Flightner, Ramona: Banished Love
by Ramona Flightner
Clarissa Sullivan dreams for more from life than sipping tepid tea in stifling parlors in Victorian Boston. She defies her family’s wishes, continuing to teach poor immigrant children in Boston’s West End, finding a much-needed purpose to her life.
As a suffragette, Clarissa is considered a firebrand radical no man would desire. For why should women want the vote when men have sheltered women from the distasteful aspects of politics and law?
When love blossoms between Clarissa and Gabriel McLeod, a struggling cabinetmaker, her family objects. Clarissa’s love and determination will be tested as she faces class prejudices, manipulative family members and social convention in order to live the life she desires with the man she loves.
Will she succeed? Or will she yield to expectations?
BANISHED LOVE follows Clarissa Sullivan on her journey of self-discovery as she learns what she cannot live without.
“If you don’t mind me saying so, Mr. McLeod, you seem quite domesticated,” Savannah said in a haughty tone.
Gabriel laughed. “Like a favorite pet, Miss Russell?” He glanced toward her with humor. “I always think domestication ruins the better part of the beast.”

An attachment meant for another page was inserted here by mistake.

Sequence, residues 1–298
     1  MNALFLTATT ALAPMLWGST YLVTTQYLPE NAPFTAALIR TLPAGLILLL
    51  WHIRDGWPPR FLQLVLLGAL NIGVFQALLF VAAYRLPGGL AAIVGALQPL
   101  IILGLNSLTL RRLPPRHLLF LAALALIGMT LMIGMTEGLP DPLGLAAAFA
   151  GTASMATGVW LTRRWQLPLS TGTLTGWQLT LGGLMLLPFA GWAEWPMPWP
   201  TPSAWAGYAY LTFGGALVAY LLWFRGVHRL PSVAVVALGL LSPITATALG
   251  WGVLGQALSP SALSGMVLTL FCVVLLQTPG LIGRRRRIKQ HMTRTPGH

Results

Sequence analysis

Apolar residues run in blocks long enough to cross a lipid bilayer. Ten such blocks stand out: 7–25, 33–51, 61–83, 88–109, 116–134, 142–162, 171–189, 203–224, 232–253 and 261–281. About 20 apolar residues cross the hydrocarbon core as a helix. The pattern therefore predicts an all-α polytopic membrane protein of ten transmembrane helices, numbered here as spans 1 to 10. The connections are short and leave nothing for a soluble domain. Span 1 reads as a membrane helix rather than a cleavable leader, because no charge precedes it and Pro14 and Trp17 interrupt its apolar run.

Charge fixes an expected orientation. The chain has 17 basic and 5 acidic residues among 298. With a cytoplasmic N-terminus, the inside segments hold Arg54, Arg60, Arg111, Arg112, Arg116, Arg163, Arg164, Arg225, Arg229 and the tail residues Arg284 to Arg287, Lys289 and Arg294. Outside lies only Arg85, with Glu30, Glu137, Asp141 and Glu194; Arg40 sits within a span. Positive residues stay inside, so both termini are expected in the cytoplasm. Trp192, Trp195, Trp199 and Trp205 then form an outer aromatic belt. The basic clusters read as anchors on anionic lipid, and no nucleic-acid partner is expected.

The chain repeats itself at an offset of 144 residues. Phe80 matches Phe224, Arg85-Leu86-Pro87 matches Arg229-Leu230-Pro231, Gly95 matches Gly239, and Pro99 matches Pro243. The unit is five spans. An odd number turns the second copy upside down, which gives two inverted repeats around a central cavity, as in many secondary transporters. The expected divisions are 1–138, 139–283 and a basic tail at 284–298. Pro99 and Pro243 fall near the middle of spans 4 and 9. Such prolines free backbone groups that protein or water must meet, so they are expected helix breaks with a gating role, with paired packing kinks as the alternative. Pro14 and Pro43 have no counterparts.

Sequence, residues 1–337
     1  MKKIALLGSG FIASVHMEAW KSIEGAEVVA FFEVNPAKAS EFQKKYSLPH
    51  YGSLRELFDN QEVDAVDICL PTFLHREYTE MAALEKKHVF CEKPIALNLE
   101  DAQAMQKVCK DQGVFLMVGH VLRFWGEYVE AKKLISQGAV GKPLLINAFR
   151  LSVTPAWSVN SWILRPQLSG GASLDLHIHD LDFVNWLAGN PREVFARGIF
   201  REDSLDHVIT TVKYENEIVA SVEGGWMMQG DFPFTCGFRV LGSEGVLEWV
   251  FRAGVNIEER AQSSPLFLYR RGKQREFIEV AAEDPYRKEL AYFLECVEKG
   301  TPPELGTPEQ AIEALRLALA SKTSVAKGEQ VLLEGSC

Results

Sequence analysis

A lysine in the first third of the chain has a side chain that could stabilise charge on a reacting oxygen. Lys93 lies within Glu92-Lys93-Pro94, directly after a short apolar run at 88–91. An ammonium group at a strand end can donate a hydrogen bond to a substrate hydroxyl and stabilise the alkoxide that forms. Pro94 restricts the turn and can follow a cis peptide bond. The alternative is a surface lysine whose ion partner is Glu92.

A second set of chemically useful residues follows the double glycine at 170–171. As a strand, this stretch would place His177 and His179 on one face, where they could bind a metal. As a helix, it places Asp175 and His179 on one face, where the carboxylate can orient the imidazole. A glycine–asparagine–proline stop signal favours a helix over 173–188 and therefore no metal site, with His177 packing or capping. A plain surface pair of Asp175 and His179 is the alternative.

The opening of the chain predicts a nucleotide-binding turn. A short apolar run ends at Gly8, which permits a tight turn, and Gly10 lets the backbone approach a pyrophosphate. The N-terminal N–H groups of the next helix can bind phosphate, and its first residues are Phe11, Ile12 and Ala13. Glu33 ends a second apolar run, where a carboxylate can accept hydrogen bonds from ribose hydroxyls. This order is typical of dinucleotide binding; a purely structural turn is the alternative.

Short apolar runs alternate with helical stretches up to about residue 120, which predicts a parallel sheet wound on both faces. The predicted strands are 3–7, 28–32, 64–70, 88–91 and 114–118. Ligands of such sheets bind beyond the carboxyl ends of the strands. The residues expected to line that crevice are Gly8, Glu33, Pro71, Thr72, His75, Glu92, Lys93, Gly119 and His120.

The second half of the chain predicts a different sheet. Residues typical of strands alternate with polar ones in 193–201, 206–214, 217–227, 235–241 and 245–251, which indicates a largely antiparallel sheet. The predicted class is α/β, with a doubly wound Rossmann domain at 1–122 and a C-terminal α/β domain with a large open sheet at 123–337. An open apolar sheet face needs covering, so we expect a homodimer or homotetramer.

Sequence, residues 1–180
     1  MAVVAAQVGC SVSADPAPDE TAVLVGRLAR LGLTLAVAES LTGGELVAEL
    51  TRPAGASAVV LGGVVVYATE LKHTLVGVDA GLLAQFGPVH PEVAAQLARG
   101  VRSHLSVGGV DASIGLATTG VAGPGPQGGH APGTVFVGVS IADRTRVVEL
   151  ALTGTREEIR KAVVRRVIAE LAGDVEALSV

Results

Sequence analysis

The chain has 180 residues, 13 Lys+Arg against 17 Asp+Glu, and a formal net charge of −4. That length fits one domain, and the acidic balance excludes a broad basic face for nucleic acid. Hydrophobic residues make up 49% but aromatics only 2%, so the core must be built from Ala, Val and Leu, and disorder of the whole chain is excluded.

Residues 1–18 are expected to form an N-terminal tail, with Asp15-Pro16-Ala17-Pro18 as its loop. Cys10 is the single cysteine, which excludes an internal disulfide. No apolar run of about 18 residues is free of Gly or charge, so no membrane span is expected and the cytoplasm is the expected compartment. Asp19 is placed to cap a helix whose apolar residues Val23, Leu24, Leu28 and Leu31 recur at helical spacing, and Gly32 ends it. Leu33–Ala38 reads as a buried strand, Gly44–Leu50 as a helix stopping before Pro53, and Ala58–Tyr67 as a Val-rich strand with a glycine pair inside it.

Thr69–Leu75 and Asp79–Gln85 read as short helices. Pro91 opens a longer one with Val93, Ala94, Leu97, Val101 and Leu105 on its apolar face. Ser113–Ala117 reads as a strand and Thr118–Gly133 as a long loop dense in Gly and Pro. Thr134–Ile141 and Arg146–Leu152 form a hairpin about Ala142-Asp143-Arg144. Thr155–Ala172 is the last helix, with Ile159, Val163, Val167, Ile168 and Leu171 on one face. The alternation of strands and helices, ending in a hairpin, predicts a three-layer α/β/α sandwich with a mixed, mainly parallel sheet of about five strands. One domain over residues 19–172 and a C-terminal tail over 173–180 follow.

“But you wouldn’t want a wild dog in your house,” Savannah protested. “And horses must be tamed.”
Gabriel nodded. “I would hate to think you compared me to a horse or a dog, miss. I hope I have better manners than that?” he asked, raising his eyebrows mockingly toward Savannah. “Though, I agree, horses are most useful for our purpose when tamed, but I wonder if they truly enjoy working for us?” He looked toward me, although he did not push me into the conversation.
He let out a long theatrical sigh. “Domesticated cats, dogs. Domesticated women. Wonderful creatures. Wouldn’t you agree, Miss Sullivan?” He looked toward me wickedly. I had bolted so hard in the rocker at his words I had nearly flown onto the floor. I watched him with wide eyes, wondering why he pushed Savannah so.
Savannah replied, “Now you are offensive, sir.” She vibrated with anger.
“Isn’t that what all young women long to be?” Gabriel asked Savannah, setting down the filled mugs with a clunk. “Domesticated. Demure. Tamed to the needs and ways of their husbands?”
“You know perfectly well you are describing the ideal wife,” Savannah spat out.
“Am I?” he asked, sounding unconvinced. “What do you think, Miss Sullivan?” he turned to me. “Is that what you long to be, a domesticated woman?”
“No!” I blurted out before I could stop myself.
“Rissa!” Savannah scolded me, eyes flashing. She had begun to breathe heavily, and I feared she would faint with her tightly laced corset.